By Bill King
These is a lot of content being produced about well … content … these days.
Here on B2BrandWater.com, we’re by no means the first and will undoubtedly not be the last to beat the content drum. But sometimes that’s what all this focus on content sounds like. A drum beat. Steady. Methodical. Constant.
Duh. Duh. Duh.
Content. Content. Content.
That consistency is one of the things that your content marketing strategy should prioritize. As supported by Jim Collins’ series of books, in particular Good To Great, a disciplined approach over time builds an evergreen portfolio of lasting content that expands your foundation of knowledge and thought leadership to make your market position impenetrable by others.
But where most of this literature falls short is in explaining the angle that each piece of content should take. Too often the writer encourages you to keep the beat up and produce more and more content without teaching you who each beat is for.
The savvier advisor is recognizing that different content is required to entice buyers at different stages of the sales cycle. This is often referred to as the Buyer’s Journey. Most literature suggests that there are three to five stages in the cycle. HubSpot focuses on Awareness, Evaluation and Purchase linking those neatly to Top of Funnel, Middle of Funnel and Bottom of Funnel respectively.
Others divide the journey into four stages, generally grouped around the concepts of Awareness, Consideration, Decision (or Purchase) and Loyalty. In a more intricate model, Uhuru Network have extended the buyer’s journey stages to six, cycling through Awareness, Interest, and Consideration down to Purchase, Post-Purchase and Re-Purchase.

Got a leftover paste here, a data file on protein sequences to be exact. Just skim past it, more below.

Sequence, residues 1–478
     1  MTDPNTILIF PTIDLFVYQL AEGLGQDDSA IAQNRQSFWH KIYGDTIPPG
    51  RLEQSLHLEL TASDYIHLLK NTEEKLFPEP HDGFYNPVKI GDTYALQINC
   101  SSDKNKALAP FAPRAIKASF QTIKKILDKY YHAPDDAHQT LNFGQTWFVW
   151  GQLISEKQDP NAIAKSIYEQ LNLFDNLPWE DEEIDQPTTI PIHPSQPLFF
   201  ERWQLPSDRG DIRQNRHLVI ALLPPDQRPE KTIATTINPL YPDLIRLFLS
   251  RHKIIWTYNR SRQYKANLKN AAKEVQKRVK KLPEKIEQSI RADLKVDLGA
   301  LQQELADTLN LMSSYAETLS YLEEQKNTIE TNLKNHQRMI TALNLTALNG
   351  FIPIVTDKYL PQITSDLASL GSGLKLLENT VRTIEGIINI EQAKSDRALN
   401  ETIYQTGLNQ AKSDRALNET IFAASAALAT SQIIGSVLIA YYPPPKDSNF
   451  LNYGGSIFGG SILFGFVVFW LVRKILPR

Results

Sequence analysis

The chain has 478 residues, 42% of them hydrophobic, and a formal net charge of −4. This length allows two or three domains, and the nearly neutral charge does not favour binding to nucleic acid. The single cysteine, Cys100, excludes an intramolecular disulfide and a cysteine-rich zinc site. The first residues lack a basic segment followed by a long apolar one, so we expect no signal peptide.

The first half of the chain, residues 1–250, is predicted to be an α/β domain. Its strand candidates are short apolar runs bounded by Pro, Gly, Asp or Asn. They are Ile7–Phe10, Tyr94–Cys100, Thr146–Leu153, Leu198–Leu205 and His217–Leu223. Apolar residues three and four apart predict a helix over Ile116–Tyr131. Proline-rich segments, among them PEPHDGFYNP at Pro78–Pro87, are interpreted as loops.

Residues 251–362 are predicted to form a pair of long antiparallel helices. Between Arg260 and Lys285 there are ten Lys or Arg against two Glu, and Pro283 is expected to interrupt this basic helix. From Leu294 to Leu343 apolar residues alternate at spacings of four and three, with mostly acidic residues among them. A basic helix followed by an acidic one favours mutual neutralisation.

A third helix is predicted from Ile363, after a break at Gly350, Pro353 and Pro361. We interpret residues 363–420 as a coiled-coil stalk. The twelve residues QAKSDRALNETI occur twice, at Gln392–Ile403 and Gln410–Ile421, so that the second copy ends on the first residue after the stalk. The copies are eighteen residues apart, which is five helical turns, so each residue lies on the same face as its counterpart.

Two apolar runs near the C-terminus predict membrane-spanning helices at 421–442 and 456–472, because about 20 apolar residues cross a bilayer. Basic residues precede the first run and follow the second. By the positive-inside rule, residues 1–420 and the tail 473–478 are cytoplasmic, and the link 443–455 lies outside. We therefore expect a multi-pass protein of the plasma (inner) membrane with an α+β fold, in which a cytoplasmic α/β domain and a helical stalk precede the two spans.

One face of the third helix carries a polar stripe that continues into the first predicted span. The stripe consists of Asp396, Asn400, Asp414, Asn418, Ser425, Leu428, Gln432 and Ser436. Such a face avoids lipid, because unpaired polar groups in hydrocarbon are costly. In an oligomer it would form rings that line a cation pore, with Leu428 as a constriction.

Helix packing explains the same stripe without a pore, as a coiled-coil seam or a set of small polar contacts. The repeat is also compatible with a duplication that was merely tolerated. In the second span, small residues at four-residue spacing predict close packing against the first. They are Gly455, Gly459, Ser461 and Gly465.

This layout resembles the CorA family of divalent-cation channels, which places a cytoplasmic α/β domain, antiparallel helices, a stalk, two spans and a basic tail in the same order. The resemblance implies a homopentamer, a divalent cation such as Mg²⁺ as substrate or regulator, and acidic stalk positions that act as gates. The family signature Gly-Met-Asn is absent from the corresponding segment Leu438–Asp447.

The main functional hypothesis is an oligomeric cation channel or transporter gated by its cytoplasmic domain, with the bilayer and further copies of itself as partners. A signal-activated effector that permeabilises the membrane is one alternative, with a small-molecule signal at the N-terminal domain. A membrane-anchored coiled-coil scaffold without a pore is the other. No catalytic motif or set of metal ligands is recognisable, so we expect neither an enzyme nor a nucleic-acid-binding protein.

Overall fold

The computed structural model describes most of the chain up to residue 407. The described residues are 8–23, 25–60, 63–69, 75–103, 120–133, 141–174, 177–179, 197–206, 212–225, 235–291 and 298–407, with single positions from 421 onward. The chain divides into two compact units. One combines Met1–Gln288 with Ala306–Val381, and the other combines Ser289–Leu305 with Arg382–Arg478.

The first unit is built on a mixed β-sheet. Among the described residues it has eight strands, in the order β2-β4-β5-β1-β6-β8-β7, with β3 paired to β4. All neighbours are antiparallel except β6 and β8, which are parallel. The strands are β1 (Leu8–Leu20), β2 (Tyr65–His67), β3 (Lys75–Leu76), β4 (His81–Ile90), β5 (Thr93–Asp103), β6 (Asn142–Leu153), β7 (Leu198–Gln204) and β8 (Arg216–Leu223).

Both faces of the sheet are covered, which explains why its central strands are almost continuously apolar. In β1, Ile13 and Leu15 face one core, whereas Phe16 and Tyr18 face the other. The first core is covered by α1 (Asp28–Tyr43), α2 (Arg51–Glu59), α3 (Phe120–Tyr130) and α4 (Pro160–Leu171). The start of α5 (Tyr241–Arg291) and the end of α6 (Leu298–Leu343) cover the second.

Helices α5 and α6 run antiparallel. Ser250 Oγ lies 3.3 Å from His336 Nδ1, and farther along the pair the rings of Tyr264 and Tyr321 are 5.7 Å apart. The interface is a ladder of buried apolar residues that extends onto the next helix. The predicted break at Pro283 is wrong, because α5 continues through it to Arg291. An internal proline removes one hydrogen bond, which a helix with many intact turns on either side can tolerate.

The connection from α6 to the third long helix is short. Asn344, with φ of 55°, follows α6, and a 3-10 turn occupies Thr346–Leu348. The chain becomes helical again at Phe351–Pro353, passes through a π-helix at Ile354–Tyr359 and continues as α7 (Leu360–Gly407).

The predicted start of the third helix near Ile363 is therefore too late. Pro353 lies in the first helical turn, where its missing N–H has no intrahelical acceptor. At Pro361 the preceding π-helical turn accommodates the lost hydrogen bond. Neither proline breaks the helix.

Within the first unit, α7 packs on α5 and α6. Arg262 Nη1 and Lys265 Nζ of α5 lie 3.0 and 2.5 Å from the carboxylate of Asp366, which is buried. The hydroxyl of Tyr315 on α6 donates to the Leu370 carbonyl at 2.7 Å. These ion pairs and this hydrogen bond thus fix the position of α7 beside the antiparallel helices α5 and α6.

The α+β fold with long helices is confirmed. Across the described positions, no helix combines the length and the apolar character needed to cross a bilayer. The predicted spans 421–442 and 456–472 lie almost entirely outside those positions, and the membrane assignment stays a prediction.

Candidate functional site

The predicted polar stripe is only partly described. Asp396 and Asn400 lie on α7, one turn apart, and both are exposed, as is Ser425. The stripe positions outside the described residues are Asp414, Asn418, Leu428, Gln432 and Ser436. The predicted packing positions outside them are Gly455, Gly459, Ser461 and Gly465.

We have identified eight stages in the B2B buyer’s journey, with additional stages required after the initial Awareness stage before B2B buyer’s move into Evaluation. We define our stages as:
In defining these stages, we focused heavily on the roles played by the different professionals who get involved in making complex purchasing decisions and the timing of when they get involved. Think about the water and wastewater market and it’s easy to see just how convoluted the sales cycle gets, with multiple players engaging at different times. Only by mirroring this complexity have we been able to help our clients arrive at appropriate story angles for each persona and at each stage in the journey.
What we’ve found is that most companies don’t struggle with the later stages in the journey where product-related content is required to help the contractor or end-user understand the specifications and applications of a manufacturer’s product. But companies are woefully short of content informing their potential customers on the issues that concern them and helping these entities establish and prioritize objectives accordingly.
As you plan for 2019, make sure you take a minute to evaluate your content portfolio. Think about the type of buyer who sets the strategy for your customer’s organization. Ponder what types of challenges she is up against. Or what are the workplace issues he is likely to face within the next 5 years. Then see how much of your content has been crafted to address those.
If you’re not finding much, it’s time to dance to a different beat. Not a drum beat. A journalistic one.
Image credit: "Old Wooden Djembe," Dejan Krsmanovic © 2018, used under an Attribution-NonCommercial 2.0 Generic license: https://creativecommons.org/lcenses/by-nc/2.0/